Posts filed under "Photography"

December 25, 2012

Comparing Canon’s 1Dc 4K Pixel Resolution

It looks like the camera pixel wars are evolving into the video front. Canon’s new 1Dc is aimed at pro photographers who want the best of both worlds; the ability to shoot video large enough to pull still frames from.

This promotional video is pretty impressive in showing off the capabilities of the new Canon 1Dc, and I like how honest they are about the tradeoffs of pulling stills from compressed video, VS shooting raw:

We know we’re not shooting RAW. We may see RAW in the next generation of DSLRs, so it does mean you do need to have things pretty spot on like exposure, white balance in-camera.

As far as promotional videos go, it’s extremely well done. But I thought I’d do a simple visual comparison of how the resolution stacks up, compared with a selection of common devices that are known for their impressive resolution.

The takeaway is that 4K does seem like an alternative to shooting stills when you want to be sure you’re capturing everything. Sacrificing about half the pixel count of a 5D Mark II is a small price to pay for making sure you get the shot. Available for a paltry $11,999 at B&H.

Tip of the hat to Canon Rumors.

October 15, 2011

iPhone 4S and iPhone 3GS Camera Comparison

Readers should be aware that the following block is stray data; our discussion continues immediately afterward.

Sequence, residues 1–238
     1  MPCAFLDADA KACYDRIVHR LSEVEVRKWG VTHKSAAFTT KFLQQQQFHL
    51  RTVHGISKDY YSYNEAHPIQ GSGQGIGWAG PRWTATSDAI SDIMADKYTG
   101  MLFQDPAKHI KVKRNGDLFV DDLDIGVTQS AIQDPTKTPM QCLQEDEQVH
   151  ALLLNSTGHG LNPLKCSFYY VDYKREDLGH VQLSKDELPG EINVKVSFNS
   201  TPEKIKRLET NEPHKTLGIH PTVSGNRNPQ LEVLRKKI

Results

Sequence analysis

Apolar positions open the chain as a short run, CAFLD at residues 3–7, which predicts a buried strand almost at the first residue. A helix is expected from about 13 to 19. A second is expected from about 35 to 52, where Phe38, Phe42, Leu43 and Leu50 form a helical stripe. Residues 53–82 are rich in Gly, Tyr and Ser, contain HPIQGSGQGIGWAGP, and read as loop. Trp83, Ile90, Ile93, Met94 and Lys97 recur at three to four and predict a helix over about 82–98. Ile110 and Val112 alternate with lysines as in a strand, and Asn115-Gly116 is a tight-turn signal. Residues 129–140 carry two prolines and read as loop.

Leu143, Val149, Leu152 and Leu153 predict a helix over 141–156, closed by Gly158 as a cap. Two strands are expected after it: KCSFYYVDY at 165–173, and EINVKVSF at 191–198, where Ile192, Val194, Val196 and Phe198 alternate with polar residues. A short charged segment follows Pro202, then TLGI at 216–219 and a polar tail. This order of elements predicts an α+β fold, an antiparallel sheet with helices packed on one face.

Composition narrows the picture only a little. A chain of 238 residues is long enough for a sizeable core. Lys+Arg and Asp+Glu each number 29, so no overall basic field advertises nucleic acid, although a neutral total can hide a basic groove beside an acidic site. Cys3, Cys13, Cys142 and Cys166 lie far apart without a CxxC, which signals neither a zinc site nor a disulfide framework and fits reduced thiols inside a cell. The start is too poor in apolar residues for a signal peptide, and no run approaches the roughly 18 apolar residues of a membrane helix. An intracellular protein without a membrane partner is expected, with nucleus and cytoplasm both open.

As someone who’s stuck it out with an iPhone 3GS for the past two years, my upgrade to the iPhone 4S has me most excited about its improved camera.

Today I went around Long Island City and took some side-by-side shots with both the 4S and the 3GS, then shrunk both sets of images down to the same size. You can click each image to see the 3GS version because I am amazing at Javascript.

Overall the 4S photos are sharper, a little brighter, and seem to display more dynamic range across the board. There’s also better flare control, as you can see in the last photo. This is by no means a scientific or accurate comparison – just a little real-world example of what types of improvements we can expect with the 4S.

Click the photos to see the 3GS version. Seriously, why aren’t you clicking already?

September 8, 2009

Long Island City Fire

Long Island City is so hot right now.

August 23, 2009

City Slicker

Photos from a weekend in the Catskills, with a jaunt to the 123rd Delaware County Fair in Walton, NY.

June 13, 2009

All I wanna do is zooma zoom zoom zoom.

Let’s take a tour of what it might look like to peer through some of the world’s most powerful and expensive camera lenses, shall we?

To set a baseline, here’s a photo of Long Island City’s Citibank building taken with a regular ‘ol Canon 17-40mm zoom lens at 22mm. You can see the full photo on the top left, and a 100%, 1:1 zoom in the center of the screen. Click it to view it at actual size. Go on, click it.

22mm lens:

And here’s a shot with my most powerful zoom lens – a Canon 70-200mm 2.8L.

200mm lens:

Now the fun begins. Let’s see how much closer we can get by shooting through a 20-60x Nikon spotting scope.

40mm lens + spotting scope @ 20x (~800mm lens):

The photo above is pretty much as close as you’d get with an 800mm lens (although, obviously, the 800mm lens would have better image quality and the edges wouldn’t be completely darkened). Canon makes an 800mm lens and you can pick one up for a cool $11,000 at Adorama.

So let’s move on to 1200mm territory.

40mm lens + spotting scope @ 30x (~1200mm lens):